THE ABLEST pupils have traditionally taken five Highers at a sitting. The annual school-by-school exam statistics have "five or more Highers" as a separate table. Yet in the quest for good grades as well as for "raw" passes, some schools have entered even their best candidates for only four subjects, and used the sixth year to add one or two more Higher subjects, as well as offering Certificate of Sixth Year Studies. Research by the Inspectorate using last year's Highers results (page one) suggests that such caution may be misplaced.
The TES Scotland has already recorded the phenomenon that the more Highers taken by a candidate with good Standard grade passes the better he or she is likely to do. Phil Austin, a teacher at Banchory Academy, noticed the difference in his own school and built a study round that, winning himself the annual award for a teacher researcher.
The most revealing aspect of the Inspectorate's report concerns pupils about whom the greatest caution might be expressed if they took five Highers, that is, the group immediately behind the most able. The statistics show that for them, as for those at the top of the class, challenge beings its rewards.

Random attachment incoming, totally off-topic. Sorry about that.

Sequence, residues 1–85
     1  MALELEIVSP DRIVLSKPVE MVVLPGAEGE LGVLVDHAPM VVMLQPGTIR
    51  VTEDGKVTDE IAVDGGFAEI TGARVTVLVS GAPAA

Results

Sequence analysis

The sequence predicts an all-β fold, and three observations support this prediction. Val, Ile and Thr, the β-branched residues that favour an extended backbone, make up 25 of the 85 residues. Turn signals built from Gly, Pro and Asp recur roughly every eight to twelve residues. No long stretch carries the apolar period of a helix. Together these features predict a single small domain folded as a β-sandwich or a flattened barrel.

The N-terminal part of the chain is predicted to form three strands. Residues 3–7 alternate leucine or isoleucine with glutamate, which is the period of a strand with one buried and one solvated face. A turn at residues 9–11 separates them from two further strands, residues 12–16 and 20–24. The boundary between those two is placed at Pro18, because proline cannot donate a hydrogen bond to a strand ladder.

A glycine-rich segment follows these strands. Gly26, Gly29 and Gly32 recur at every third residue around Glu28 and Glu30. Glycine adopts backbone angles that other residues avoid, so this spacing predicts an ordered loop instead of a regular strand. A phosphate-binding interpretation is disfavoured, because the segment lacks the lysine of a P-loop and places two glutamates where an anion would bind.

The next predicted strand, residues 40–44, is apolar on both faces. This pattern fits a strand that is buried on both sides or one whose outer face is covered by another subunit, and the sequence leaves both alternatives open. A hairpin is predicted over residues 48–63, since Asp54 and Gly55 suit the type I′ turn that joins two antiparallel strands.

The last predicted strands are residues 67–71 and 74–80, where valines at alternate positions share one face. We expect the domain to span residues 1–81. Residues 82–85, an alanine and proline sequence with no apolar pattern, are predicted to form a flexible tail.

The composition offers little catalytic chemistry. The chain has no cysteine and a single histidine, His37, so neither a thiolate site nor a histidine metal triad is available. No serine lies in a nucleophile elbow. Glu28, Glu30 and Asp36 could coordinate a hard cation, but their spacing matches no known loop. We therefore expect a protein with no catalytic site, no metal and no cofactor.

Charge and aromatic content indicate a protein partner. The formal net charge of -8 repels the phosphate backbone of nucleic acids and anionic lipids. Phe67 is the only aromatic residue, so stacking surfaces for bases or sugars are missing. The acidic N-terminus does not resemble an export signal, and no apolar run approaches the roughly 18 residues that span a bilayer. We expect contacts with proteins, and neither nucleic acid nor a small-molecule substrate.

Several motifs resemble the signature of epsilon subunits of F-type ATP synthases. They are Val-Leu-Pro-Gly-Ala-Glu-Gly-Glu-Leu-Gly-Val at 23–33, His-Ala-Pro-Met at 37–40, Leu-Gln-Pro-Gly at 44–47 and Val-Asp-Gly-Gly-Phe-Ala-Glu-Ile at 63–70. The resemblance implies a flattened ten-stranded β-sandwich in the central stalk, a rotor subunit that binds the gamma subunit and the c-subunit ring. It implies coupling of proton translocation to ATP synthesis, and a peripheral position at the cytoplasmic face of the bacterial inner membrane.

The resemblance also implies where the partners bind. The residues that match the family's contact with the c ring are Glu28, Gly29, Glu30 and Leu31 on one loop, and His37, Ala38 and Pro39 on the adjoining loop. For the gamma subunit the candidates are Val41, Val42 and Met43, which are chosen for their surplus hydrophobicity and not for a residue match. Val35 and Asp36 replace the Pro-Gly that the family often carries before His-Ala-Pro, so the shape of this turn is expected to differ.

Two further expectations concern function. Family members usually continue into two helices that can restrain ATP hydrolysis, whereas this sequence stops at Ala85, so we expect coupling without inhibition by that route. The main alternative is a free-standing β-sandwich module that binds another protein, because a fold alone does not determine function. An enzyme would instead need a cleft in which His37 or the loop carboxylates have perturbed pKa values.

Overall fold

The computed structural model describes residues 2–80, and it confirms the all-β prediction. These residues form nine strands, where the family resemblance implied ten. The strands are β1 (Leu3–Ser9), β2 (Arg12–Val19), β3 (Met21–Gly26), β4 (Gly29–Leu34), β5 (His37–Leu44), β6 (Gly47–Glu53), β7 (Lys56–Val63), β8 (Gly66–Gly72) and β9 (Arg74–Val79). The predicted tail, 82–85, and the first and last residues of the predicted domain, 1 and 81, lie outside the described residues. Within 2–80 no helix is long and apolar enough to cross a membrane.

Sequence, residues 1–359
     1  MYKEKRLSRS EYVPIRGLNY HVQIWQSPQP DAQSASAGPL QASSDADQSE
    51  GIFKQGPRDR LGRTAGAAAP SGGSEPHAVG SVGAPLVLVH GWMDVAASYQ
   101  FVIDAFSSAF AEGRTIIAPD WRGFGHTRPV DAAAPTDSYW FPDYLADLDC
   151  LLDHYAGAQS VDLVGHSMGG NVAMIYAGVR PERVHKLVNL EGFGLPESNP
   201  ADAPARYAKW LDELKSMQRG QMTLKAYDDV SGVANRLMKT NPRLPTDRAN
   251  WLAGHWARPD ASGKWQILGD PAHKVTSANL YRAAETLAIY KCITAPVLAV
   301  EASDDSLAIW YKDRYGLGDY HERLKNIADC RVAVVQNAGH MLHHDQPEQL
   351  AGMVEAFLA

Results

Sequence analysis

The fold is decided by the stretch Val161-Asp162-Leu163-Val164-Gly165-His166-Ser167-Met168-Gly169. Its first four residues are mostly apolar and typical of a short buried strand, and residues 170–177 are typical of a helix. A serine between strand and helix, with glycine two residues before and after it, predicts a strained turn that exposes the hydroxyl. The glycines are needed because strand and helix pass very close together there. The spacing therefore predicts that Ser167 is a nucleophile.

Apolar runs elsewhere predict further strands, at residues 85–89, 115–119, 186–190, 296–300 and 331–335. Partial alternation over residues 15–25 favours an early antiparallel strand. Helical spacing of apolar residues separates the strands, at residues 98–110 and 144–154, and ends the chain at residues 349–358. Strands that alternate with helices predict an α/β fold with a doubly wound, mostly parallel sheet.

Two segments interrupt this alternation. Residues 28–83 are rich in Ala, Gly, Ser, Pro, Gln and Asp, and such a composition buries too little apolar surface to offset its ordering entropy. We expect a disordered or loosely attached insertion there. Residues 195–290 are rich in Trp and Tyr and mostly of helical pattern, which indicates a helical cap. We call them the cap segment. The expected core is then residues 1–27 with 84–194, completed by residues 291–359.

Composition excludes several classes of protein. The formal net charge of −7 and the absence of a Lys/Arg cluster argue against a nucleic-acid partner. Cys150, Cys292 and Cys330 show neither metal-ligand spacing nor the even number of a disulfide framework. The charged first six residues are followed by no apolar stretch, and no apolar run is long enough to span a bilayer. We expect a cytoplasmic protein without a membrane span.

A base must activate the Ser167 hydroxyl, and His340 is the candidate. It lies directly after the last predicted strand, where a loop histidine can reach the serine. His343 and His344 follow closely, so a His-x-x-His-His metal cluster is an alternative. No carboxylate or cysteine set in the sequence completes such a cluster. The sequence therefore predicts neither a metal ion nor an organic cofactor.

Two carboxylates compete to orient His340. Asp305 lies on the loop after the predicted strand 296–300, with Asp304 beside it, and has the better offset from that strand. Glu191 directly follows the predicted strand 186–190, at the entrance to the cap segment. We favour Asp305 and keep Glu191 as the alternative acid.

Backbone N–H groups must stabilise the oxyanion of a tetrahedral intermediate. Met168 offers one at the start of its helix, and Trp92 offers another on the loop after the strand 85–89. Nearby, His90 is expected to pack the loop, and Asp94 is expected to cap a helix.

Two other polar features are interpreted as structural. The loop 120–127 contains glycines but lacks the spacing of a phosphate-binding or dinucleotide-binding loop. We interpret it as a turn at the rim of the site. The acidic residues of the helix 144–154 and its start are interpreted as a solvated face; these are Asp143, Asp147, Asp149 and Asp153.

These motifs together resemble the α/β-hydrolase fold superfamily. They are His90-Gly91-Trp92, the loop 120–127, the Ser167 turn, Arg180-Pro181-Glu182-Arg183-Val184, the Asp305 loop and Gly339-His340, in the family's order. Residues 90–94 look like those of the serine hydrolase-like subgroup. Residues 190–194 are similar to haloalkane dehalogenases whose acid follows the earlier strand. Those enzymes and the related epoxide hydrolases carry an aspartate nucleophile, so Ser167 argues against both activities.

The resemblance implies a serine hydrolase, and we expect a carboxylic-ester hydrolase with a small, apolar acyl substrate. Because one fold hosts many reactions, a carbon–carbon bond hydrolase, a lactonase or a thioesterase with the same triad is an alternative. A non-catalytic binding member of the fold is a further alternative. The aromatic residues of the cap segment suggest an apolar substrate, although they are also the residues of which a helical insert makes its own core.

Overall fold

National statistics are only a summation of individual experiences, and the Inspectorate warns about turning its findings into an imposition on all future candidates. Individual circumstances, including drive and motivation, play their part. So must peer expectation, a factor in the academic success of independent schools, which were excluded from the analysis.
But if there is underachievement among able senior pupils, as notoriously there is among those in S1 and S2, it should be urgently looked at. Of course exam portfolios are not the be all and end all, but they are important in a competitive higher education entry market, and no one is likely to prove that many underchallenged fifth-year pupils are compensating through community service or personal enterprise.